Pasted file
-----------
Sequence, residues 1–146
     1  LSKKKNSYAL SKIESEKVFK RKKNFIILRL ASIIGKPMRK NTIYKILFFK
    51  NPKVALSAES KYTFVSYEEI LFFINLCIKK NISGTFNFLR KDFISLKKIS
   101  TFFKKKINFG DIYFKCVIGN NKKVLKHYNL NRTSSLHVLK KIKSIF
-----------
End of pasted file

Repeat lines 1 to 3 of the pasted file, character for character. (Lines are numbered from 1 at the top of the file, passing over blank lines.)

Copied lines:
Sequence, residues 1–146
     1  LSKKKNSYAL SKIESEKVFK RKKNFIILRL ASIIGKPMRK NTIYKILFFK
    51  NPKVALSAES KYTFVSYEEI LFFINLCIKK NISGTFNFLR KDFISLKKIS